Appeals court orders redistricting commission to redraw congressional maps, setting up fight at state’s highest court

In a split decision, a mid-level appellate court ordered the Independent Redistricting Commission to redraw the state’s congressional districts for 2024. Republicans plan to appeal.

The fight to (once again) toss out New York’s congressional maps is heading to the state’s highest court after a mid-level appeals court reversed a lower court’s decision Thursday.

The fight to (once again) toss out New York’s congressional maps is heading to the state’s highest court after a mid-level appeals court reversed a lower court’s decision Thursday. SimpleImages, Moment via Getty Images

On Thursday, a mid-level state appellate court sided with Democrats in their effort to overturn court-drawn congressional maps, the latest development in a legal battle that is likely to come to a head at New York’s highest court in the coming months.

In a 3-2 decision, the 3rd Judicial Department Appellate Division panel ordered the state’s redistricting commission to prepare new maps ahead of elections in 2024, reversing a lower court's decision. Almost immediately, Republican-backed intervenors in the case released a statement indicating they would appeal the decision to New York’s highest court.

“On to the Court of Appeals,” wrote former GOP Rep. John Faso, who is helping coordinate Republicans’ redistricting efforts. “We remain confident the Court of Appeals will uphold the decision in Harkenrider v. Hochul - that the fair lines established by the District Court will be maintained and will preserve the New York Constitution's prohibition against mid-decade redistricting.”

The current Republican-friendly congressional district lines were drawn by a court-appointed expert in 2022, after the state’s Independent Redistricting Commission failed to agree on new lines and the Court of Appeals rejected the Democrat-controlled state Legislature’s attempts to draw its own maps.

Last year, a group of plaintiffs backed by Democrats filed a new lawsuit, seeking to get the court-drawn maps replaced by new maps drawn by the Independent Redistricting Commission. Their complaint was flatly rejected by Albany Supreme Court Justice Peter Lynch. “The question is whether the IRC has the authority now to submit a second redistricting plan corresponding to the 2020 federal census. I think not!,” Judge Lynch wrote in his decision.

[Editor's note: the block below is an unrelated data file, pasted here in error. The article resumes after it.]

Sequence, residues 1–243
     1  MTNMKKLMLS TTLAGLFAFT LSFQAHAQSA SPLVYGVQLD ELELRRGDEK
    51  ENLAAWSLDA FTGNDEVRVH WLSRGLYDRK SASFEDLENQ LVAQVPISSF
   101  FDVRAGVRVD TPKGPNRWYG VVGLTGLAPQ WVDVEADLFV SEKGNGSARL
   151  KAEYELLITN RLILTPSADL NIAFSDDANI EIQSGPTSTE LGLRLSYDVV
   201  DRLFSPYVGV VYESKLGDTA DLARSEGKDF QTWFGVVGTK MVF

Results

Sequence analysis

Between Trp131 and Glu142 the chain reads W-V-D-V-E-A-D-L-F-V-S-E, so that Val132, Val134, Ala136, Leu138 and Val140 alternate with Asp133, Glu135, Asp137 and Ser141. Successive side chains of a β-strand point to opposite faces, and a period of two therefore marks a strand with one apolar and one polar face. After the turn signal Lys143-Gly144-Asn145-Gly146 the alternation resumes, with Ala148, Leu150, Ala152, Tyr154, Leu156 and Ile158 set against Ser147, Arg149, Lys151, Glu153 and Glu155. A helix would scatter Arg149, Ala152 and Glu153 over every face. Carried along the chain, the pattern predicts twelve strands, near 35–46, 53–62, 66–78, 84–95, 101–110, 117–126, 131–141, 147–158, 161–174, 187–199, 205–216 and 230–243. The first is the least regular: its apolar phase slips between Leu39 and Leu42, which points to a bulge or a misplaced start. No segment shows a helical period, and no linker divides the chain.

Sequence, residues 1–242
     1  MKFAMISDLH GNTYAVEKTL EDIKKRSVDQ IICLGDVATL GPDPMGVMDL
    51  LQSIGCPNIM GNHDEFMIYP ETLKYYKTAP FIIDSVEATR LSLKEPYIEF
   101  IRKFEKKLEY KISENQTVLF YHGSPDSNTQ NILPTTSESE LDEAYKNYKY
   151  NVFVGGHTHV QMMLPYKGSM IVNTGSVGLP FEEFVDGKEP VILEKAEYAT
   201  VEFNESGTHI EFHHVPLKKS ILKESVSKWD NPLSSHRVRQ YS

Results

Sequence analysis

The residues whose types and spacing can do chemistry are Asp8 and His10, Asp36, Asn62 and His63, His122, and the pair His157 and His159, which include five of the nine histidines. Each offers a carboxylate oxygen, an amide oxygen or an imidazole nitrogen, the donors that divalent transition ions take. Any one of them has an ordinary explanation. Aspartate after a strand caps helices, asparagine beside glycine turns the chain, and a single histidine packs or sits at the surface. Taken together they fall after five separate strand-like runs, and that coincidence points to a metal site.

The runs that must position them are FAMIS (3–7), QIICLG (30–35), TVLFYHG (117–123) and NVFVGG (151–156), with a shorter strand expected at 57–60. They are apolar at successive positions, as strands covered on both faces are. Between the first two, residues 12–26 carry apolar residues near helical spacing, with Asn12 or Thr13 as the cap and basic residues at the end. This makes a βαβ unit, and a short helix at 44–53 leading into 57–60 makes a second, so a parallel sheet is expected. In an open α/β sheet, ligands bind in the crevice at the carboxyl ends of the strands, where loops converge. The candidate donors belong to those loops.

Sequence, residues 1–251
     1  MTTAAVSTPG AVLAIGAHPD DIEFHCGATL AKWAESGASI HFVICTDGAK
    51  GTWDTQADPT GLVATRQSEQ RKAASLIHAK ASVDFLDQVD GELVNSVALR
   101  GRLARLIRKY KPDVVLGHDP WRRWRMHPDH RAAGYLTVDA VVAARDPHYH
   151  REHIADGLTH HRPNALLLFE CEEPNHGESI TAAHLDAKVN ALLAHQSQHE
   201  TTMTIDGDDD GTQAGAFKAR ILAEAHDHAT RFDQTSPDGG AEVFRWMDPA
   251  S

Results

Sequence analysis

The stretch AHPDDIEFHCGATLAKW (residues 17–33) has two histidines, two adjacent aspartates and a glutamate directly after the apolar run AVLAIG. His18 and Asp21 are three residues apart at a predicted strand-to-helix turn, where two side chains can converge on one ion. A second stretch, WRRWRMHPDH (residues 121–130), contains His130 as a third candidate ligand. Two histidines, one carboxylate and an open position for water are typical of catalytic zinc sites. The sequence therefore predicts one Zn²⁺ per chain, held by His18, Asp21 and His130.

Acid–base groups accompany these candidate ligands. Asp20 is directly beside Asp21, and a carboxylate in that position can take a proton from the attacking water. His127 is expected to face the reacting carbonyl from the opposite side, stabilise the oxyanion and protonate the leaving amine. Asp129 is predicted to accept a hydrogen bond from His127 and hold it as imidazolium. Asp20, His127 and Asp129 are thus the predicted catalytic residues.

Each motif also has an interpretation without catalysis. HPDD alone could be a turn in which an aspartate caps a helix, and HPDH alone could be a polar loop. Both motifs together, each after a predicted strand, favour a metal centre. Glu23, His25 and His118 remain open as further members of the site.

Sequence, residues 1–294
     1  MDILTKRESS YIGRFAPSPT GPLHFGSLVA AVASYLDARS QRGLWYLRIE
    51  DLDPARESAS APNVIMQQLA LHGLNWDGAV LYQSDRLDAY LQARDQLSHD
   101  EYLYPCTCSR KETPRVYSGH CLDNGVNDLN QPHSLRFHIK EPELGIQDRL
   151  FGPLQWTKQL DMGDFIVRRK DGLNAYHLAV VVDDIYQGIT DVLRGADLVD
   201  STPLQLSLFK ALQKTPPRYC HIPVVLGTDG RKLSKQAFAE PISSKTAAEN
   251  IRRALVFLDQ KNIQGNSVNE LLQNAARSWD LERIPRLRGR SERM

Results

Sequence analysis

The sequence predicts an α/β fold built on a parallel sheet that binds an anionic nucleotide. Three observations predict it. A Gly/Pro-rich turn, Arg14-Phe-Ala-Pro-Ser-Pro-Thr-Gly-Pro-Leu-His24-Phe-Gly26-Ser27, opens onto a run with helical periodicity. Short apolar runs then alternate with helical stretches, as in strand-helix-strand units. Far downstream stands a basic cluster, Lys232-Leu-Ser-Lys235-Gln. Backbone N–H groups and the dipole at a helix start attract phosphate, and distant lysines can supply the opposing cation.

On appeal, the plaintiffs argued in part that the state’s highest court meant to enact the existing lines only for the 2022 cycle, not for the rest of the decade. They asked the courts to restart the Independent Redistricting Commission’s normal process of drafting maps and forwarding them to the legislature to remain in place until after the next census.

“We are now in the uncomfortable position of discerning what the Court of Appeals intended by its silence regarding the critical issue of the duration relative to the judicial remedy it imposed,” Presiding Justice Elizabeth Garry wrote in her decision for the majority. “We are necessarily limited in our ability to infer such intention in this delicate and highly charged matter of significant public concern.”

Garry added that the constitutional language around redistricting, which was added as part of amendments approved by voters in 2014, implies that the “will of the people” should guide the process for drawing new lines.

“We too must be guided by the overarching policy of the constitutional provision: broad engagement in a transparent redistricting process,” Garry wrote.

Garry’s opinion was joined by Justices Molly Reynolds Fitzgerald and Eddie McShan.

Justice Stan Pritzker dissented from the ruling, in an opinion joined by Justice Egan. Pritzker wrote that he believes the lawsuit was untimely and that if the Court of Appeals had really meant for the current maps to only be interim, they would have explicitly specified that detail.

“If it were an interim order, presumably there would be a directive that the IRC reconvene and the constitutionally mandated redistricting,” he wrote.

Garry was included in a short list of potential nominees presented to Gov. Kathy Hochul to become the Court of Appeals Chief Judge earlier this year. Hochul instead nominated Rowan Wilson, then an associate judge on the high court, who was approved by the state Senate.

Wilson wrote the dissent in the Harkenrider case, which tossed out the congressional districts drawn by the state legislature after the Independent Redistricting Commission failed to present a consensus set of maps to lawmakers. The vacancy was created by the resignation of Chief Judge Janet DiFiore, who wrote the majority opinion in Harkenrider, which was decided 4-3.

With the ascent of Wilson, and the appointment of Associate Judge Caitlin Halligan to fill his role, the court’s makeup may be changed in such a way to overturn Harkenrider less than two years after it was decided provided none of the other justices change their positions.

Rep. Suzan Delbene, the chair of the Democratic Congressional Campaign Committee, applauded the appellate panel's decision.

“After last year’s Republican power grab resulted in an out-of-state special master drawing a map that was rubber stamped by a partisan judge, today’s decision by the New York Court is a reaffirmation that the will of the voters should be respected when it comes to drawing fair maps,” she said in a statement. “We are eager for the Independent Redistricting Commission to resume their constitutional duty of creating new congressional maps so that New Yorkers can have the fair representation they deserve.”